Hey, just joined the other day and wanted to say hi! I'm Dani, and my friend sent me a link to these forums when I told him that I was having trouble with my narcolepsy. I don't really know anyone my age who has it, so I've never found anyone to connect with and share. Everyone else in my family has sleep apnea or insomnia, so they're no help. It used to get so frustrating in school, or even at home, when I'd complain about being tired and hear someone tell me that they stayed up til 3 am and feel fine. I'd hear so many times from people that I was a teenager, and teenagers slept a lot. I used to beg my mother to feel rested, or cry myself to sleep begging whatever God was up there to just let me stop being tired for one day. Even my old doctor didn't seem to care about it; I'd been telling her I was exhausted all the time for years and all she'd tell me was to get a bedtime routine: drink warm milk, take a shower, not watch t.v. or use the computer before bed. It got so bad that I was constantly depressed (because I wanted to be able to sleep better) and tired. I had to switch doctors because there was NO way that I was going to be ignored about my problems; drinking milk was NOT going to fix me sleeping 14+ hours a day.
My new doctor immediately ordered blood tests and other things (to see if I was anemic), and when it came up on my blood screens that I'd had mono in the past, he thought he'd found the problem and had almost given up. I eventually convinced my psychiatrist to order a sleep study, since she realized that being on strong stimulants for ADHD should not have me this tired, but then decided she wouldn't. If she did, she'd have to give them all my mental health notes and she was worried they'd write it off as depression; I got told that I was just depressed a lot too, and for sorta good reasons.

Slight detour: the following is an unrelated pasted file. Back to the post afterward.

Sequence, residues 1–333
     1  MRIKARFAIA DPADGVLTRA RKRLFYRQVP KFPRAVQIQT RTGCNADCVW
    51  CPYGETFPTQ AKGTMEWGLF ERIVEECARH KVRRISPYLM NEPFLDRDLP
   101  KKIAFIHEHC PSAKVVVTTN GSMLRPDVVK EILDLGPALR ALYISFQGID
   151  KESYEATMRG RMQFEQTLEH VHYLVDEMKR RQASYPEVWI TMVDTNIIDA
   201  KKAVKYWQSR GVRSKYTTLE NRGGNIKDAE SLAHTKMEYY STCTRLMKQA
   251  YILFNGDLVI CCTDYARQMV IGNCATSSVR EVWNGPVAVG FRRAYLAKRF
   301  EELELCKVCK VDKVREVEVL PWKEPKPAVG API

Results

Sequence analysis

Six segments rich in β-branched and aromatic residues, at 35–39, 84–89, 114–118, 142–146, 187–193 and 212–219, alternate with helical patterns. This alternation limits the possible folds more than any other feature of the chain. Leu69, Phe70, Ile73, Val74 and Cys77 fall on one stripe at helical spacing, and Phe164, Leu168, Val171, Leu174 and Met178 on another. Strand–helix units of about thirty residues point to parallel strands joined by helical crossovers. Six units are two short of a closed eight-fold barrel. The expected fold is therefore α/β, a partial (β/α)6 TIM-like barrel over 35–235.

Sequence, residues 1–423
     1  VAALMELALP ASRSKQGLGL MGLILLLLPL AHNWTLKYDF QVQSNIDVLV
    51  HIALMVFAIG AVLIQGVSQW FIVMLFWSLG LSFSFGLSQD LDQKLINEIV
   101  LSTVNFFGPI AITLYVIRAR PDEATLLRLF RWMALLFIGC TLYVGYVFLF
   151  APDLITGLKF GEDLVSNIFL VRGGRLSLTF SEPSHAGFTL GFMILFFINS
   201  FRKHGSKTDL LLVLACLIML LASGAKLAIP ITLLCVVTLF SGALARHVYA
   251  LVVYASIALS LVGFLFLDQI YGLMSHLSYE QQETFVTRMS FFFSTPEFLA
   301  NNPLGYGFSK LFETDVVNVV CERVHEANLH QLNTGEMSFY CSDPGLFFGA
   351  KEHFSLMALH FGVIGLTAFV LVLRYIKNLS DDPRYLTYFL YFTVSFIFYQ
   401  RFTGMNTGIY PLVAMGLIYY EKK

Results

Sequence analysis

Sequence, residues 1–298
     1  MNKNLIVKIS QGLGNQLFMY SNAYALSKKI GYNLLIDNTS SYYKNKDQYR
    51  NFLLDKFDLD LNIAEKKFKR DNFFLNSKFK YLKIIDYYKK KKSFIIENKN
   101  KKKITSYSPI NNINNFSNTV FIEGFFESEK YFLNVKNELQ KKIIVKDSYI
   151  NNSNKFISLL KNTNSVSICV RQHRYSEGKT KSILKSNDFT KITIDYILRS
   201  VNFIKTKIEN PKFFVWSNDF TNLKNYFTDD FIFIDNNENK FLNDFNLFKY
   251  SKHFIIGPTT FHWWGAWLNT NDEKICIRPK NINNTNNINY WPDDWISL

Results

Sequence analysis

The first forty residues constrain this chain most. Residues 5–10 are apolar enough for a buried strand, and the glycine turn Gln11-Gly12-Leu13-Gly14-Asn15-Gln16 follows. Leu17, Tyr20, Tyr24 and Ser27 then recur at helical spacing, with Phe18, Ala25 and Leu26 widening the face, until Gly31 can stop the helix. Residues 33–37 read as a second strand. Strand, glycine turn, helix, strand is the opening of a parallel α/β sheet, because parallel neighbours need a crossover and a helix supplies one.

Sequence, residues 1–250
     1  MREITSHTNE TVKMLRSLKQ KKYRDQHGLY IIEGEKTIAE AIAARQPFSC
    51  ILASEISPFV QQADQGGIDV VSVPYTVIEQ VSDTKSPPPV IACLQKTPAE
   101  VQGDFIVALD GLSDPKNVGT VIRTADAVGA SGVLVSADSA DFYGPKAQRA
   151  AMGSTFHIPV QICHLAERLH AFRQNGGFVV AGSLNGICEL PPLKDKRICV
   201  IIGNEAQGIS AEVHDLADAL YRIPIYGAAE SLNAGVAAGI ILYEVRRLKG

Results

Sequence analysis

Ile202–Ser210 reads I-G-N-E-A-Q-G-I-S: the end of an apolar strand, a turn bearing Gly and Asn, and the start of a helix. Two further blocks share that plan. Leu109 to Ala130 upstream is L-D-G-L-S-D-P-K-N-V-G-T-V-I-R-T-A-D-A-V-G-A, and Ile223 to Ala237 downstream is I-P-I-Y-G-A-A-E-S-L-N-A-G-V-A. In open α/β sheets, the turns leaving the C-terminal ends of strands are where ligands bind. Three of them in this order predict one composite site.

For the first 15 years of my life I lived with an extremely abusive father that pretty much screwed me up. I'd tried to kill myself, and used to cut on my thighs. I was in a really low place in my life. He didn't believe in doctors or medication. Thank whatever's in the sky that my mom did.
So I went back to my new GP, and he ordered a sleep study.
The sleep specialist immediately knew something was wrong when he started talking to me: I had deep dark circles under my eyes, I looked like I would pass out sitting in front of him, and I was on 72 mg of concerta every day and still felt that tired; so I had the overnight study done, and the nap tests the next day. Funny thing was, I had a hypnagogic hallucination (where you dream while you're awake) during one of the naps. I went back about a month later, and he confirmed it as narcolepsy. It was such a relief.
All the things that were weird about me all seemed to make a lot more sense; I even had a name for those weird dreams I had where I felt like I was awake but wasn't; I knew why my jaw felt like it would fall off, or my entire lower body went numb when I got nervous. I had always know I wasn't sleeping because I was depressed, but now I could prove it. Most people would be devastated to be diagnosed with a neurological disorder, but I was relieved, happy, excited. I can live with having a disease, but not knowing killed me every day. Everyday I woke up tired after sleeping for any amount of time made me want to cry. I've read that "there is an average 15-year delay between onset and correct diagnosis which may contribute substantially to the disabling features of the disorder" and that just astounds me. I'm 18, and I've been struggling with this for maybe 5-8 years at the most. I can't even begin to understand why anyone would put off getting checked out for being that tired.
I still take my concerta, because it really does help me when I take it. If I do, I might still be tired, but at least I can force myself awake after 8-ish hours of sleep. I also take modafinil when I need to do things, like when I was still in school (I graduated this may passed), or when I do get a job.
Sorry for this long post, I just wanted to get my story out there and talk to other people who are going through the same thing.